Justine Wong-Orantes hits the ball in the women's semi-final volleyball match between USA and Serbia during the Tokyo 2020 Olympics.
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It’s been 20 years since the same nation held both the Olympic and world volleyball titles at the same time, but libero Justine Wong-Orantes is looking to help lead Team USA accomplish that very feat at the 2022 FIVB Volleyball Women’s World Championships in the Netherlands and Poland. Competition began on Friday and the U.S. is currently 2-0 after group play wins against Kazakhstan and Canada.

“We’re trying to win, for sure,” Wong-Orantes told On Her Turf. “I think, especially with the new turn of the program and the new year of the quad, we just have a really nice blend of veterans and also newcomers on the team.”

The 14-woman roster for Team USA, which is ranked No. 1 in the world and won its first Olympic title last summer, features six players from that gold-medal-winning team. And while Wong-Orantes is among the 2021 U.S. Olympic team veterans, she’s still a relative newcomer to international play.

The Southern California native enjoyed a notable junior career – she was 12 when she became the youngest female to ever earn an AAA rating in beach volleyball – and was a standout collegian at Nebraska, where she was a member of the 2015 NCAA championship team. But Wong-Orantes followed a different path upon graduation, initially choosing not to go overseas to play professionally.

While she was first selected for the U.S. national team in 2016 and played a handful of international tournaments in the following years, it wasn’t until she started playing professionally in Germany in 2019 that she saw the potential to elevate her position on the roster. In particular, the pandemic-delayed Tokyo Olympics gave her an additional year of overseas experience, which she calls “a blessing in disguise.”

“I just felt like I was still in that developmental stage,” she said. “And a whole year postponement allowed me to go overseas and really get all the touches, all the repetitions, and just kind of expose myself to international volleyball another year. So I was, in hindsight, pretty thankful for that COVID season because I got an extra year under my belt, and I think that just gave me a ton of confidence.”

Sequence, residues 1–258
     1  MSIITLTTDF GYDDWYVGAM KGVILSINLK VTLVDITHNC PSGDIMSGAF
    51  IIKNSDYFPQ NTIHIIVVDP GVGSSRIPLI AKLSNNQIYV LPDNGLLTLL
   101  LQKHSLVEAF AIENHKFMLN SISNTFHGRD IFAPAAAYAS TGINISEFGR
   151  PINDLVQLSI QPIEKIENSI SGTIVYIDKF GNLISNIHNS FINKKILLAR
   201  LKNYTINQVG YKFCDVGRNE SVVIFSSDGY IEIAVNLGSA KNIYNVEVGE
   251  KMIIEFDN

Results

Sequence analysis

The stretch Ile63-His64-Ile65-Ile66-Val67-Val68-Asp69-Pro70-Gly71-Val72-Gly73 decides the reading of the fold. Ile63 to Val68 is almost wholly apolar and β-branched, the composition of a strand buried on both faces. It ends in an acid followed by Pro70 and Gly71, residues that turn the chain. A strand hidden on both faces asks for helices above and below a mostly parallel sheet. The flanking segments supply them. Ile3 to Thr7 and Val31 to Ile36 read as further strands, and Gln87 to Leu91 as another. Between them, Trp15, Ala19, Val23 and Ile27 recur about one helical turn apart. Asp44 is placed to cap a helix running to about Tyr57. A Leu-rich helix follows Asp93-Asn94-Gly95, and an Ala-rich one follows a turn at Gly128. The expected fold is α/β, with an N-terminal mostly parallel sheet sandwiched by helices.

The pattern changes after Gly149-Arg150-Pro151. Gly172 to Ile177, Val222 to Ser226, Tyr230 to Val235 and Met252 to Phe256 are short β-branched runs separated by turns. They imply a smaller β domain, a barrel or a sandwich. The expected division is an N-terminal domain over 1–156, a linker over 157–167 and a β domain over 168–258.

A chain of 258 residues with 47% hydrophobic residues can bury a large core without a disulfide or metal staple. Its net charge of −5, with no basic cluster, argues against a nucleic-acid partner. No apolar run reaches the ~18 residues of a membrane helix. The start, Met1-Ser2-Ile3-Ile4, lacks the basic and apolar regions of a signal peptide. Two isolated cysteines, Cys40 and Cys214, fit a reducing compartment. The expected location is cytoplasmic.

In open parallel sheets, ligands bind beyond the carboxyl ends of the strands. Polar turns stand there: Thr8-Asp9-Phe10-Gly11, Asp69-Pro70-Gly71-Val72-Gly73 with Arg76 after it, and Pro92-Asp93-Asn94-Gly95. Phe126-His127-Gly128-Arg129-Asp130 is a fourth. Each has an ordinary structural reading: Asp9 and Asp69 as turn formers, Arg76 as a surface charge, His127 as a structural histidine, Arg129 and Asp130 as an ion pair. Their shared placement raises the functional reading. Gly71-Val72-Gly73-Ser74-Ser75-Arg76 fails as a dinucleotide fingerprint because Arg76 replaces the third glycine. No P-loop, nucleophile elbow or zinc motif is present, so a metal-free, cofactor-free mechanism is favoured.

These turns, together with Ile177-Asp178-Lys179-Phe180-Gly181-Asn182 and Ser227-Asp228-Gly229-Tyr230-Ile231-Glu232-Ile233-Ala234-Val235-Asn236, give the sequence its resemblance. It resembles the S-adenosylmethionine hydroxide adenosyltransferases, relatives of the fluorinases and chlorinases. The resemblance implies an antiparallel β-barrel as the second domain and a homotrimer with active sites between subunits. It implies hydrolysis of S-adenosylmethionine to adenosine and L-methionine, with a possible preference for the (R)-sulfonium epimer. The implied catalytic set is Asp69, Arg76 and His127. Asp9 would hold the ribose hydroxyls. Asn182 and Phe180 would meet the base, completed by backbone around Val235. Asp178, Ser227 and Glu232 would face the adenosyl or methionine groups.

Ahead of the Olympics, Wong-Orantes earned “best libero” honors at the 2021 FIVB Volleyball National League in Rimini, Italy, which helped secure her spot on the Olympic roster. In Tokyo, she followed up with another standout performance and was named best libero of the Olympic tournament.

As to how the Wong-Orantes transformed into one of the world’s top liberos, she points to her background as a beach volleyball player. She began competing at age 8, and her first partner was Sara Hughes, a star on the AVP Pro Tour who also won two NCAA titles with USC.

“I think having that background and just the court awareness that beach volleyball forces you to have allowed me to really have a good read on the game,” said Wong-Orantes. “I think that’s what makes a great libero is just reading and always being reactive towards the ball.”

Wong-Orantes also credits the assistance of mental coach Sue Enquist, a former UCLA softball coach and U.S. national team coach, who now helps teams work on their culture and relationships. Enquist began working with the U.S. volleyball team during the pandemic and has continued in her role ever since.

“We just worked on a lot of stuff within ourselves, within our program, how to communicate with each other off the court, and I think that honestly propelled us into such a high, high level with how we worked with each other, and then that transferred onto the court,” explained Wong-Orantes, who noted the team has Enquist on speed dial while at the World Championship. “I really commend Sue. I just really give a lot of praise to her because I think our culture was never bad, but I think [she] just transformed into a different level.”

2022-09-26 - FIVB Volleyball Womens World Championship 2022 - Day 4
ARNHEM, NETHERLANDS – Justine Wong-Orantes (far right) poses for a photo with her U.S. teammates after defeating Canada at the 2022 FIVB Volleyball Women’s World Championship on September 26, 2022. (Photo by Rene Nijhuis/Orange Pictures/BSR Agency/Getty Images)

Wong-Orantes said she and her U.S. teammates are on their toes for the world championships, which features twice as many teams (24) as the Olympics and a “more grueling” format.

“It’s going to be a long tournament, and I think we’re really going to need all 14 of us that are here. I’m pretty certain that, at any given moment, someone’s going to be called on and someone’s going to need to step up in big moments.”